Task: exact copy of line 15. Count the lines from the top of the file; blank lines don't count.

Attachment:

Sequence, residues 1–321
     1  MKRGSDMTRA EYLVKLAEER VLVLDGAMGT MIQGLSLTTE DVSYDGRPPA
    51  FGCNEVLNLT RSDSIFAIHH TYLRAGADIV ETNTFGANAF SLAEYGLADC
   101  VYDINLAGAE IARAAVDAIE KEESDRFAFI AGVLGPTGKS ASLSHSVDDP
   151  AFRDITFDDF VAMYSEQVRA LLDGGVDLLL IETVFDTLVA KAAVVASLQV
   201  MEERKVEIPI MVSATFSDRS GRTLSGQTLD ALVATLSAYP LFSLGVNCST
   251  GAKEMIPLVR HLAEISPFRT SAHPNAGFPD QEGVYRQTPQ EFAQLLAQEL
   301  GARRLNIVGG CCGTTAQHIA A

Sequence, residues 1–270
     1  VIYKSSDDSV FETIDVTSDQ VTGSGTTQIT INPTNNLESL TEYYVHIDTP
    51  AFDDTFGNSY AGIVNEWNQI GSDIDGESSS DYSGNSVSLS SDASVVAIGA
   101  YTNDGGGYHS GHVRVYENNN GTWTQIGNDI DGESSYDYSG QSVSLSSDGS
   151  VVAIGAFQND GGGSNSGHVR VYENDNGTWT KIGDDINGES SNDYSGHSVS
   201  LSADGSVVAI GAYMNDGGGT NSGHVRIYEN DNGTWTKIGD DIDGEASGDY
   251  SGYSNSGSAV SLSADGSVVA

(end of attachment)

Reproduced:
   251  SGYSNSGSAV SLSADGSVVA